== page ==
Brickfan50
  • klintonklinton CanadaMember Posts: 1,246
    ^ Yes! Exactly! I like to group things from various themes, that have something in common, like pigs: Pigsy from Monkie Kid, the Pig House from Minecraft, Pig Costume Guy from CMF, the Piggy Bank GWP, and some molded pigs from BAM. Just because I think it's a fun group of different pigs, all of LEGO.

    I kinda love it when things are slightly incongruous in Lego. Like, when you have an older model of a vehicle alongside a more refined modern model. Or, like, a molded dog piece hanging out with a brick built one.
    It's *Lego*. It's not reality. All interpretations are equally valid and absolutely belong together. 
    Fizyx560Heliportiwybsdatsunrobbie
  • CCCCCC UKMember Posts: 20,483
    Mark_C said:
    I may be looking back at Lego from when I was growning up late 70s to mid 80's when Lego was in, at least in part, what is considered its heyday/golden age with nostalga and comparing todays sets to through that filter yet there seems to be way to many licenced sets. There has been some licenced sets in days gone by, such as with VW sets in years gone by, and there has been some good moden use of licencing (e.g. Delorean #10300, {insert other}), it seems to be mostly licenced tie in products these days with Lego.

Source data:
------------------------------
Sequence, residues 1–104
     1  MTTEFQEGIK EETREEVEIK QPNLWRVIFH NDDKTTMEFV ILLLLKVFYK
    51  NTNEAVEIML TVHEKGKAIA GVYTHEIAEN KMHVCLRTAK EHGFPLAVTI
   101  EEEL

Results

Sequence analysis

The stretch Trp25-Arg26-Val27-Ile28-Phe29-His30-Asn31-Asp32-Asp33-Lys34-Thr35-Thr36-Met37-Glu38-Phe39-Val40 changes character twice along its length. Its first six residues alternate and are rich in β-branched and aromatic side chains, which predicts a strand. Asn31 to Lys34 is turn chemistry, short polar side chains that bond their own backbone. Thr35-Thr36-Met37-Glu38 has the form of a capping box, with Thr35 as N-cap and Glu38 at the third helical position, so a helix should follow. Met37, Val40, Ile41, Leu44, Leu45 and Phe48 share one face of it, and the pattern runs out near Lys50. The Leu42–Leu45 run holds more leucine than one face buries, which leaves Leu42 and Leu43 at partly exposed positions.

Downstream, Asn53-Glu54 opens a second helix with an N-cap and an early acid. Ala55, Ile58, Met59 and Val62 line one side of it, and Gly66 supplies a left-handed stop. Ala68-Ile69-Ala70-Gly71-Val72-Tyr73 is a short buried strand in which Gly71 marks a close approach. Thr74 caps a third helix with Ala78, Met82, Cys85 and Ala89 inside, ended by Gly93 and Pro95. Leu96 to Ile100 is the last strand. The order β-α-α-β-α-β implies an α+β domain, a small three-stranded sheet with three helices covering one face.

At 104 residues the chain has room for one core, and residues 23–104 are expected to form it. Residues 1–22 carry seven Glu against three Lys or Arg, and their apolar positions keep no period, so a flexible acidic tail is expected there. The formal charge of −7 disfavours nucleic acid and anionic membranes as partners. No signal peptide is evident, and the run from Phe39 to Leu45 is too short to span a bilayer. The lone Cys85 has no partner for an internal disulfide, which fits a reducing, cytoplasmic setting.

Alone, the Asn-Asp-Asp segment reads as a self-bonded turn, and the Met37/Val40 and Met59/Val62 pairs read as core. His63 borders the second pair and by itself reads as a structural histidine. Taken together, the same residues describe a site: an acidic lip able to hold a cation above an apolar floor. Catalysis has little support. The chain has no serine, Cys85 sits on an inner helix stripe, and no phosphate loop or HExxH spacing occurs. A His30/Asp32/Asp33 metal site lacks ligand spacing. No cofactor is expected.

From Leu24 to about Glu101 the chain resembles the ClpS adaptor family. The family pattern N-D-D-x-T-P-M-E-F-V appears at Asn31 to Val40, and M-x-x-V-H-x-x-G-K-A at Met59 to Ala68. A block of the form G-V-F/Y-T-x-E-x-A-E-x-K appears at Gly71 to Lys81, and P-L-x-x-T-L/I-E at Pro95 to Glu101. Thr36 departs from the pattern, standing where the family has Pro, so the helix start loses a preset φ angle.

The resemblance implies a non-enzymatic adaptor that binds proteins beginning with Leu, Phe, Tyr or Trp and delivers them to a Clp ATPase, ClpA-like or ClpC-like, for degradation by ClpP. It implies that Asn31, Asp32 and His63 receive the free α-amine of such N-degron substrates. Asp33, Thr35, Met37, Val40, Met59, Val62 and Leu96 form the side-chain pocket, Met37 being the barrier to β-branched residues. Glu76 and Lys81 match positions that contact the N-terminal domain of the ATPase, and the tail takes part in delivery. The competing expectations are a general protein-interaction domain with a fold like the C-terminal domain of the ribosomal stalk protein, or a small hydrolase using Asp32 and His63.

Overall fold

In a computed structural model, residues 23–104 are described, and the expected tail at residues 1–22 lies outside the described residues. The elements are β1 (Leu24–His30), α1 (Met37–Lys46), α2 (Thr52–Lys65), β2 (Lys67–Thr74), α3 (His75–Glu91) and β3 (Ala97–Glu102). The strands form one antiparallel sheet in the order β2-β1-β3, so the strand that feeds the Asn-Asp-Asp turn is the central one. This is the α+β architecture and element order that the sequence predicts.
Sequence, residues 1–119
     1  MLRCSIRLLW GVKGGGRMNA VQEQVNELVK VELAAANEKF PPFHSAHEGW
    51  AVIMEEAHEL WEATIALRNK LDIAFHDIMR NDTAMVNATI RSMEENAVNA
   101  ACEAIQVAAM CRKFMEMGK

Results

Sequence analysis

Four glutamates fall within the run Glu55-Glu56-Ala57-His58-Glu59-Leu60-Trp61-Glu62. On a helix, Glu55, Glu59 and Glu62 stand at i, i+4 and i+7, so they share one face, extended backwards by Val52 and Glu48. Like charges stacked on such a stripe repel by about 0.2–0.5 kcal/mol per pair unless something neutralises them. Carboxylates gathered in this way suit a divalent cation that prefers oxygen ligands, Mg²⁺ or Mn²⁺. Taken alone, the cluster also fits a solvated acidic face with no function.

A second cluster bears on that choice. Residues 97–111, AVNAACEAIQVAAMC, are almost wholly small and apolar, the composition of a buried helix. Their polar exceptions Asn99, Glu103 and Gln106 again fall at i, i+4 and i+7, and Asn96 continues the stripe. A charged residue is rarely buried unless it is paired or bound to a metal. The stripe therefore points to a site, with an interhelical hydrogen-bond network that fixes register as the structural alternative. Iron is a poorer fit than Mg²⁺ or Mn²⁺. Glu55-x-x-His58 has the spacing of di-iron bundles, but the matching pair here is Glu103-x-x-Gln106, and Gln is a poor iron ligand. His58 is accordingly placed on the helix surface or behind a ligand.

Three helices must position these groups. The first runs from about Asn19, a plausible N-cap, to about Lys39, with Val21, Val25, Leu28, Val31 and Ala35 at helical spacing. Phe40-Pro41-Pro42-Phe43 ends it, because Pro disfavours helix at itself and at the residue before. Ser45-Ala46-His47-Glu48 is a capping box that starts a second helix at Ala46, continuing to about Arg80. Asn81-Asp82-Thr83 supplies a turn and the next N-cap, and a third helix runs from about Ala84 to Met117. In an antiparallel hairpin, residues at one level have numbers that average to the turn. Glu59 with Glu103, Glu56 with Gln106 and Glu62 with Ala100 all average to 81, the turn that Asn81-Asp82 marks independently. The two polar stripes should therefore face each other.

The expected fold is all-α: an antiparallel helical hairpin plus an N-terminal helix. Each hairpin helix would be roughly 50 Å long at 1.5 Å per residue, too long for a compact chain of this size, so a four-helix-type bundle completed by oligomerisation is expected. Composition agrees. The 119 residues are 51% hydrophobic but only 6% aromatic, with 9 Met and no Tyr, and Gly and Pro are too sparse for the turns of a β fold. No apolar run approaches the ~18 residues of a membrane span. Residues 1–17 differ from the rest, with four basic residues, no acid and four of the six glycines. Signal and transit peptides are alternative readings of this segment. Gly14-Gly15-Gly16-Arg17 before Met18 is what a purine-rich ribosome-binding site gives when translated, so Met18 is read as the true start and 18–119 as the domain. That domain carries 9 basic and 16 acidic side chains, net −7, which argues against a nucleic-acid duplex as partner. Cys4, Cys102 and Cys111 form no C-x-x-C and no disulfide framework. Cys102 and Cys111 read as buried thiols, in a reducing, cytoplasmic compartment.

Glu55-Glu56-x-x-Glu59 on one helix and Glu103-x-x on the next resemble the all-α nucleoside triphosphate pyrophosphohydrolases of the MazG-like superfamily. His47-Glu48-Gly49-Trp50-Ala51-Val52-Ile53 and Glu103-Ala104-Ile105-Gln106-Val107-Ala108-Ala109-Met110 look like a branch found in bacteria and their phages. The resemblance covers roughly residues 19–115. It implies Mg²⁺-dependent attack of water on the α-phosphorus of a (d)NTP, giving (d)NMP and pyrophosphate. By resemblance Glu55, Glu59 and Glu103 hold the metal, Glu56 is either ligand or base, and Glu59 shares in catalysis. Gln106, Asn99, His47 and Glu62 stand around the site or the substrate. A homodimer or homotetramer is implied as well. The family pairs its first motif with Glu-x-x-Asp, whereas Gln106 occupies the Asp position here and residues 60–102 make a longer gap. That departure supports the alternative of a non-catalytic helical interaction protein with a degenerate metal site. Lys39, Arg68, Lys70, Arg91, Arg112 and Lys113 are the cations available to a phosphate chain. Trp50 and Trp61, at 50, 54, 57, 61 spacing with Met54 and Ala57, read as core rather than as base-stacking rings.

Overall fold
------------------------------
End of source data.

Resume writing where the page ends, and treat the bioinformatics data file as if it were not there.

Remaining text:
If you count by theme, licensed outweighs unlicensed sets. But if you count numbers of sets, it is about equal. The issue here is City, Friends and Ninjago are huge these days - about double the number of sets per year compared to what they used to be.
    560HeliportMark_Ciwybs
  • BrickchapBrickchap AustraliaMember Posts: 1,024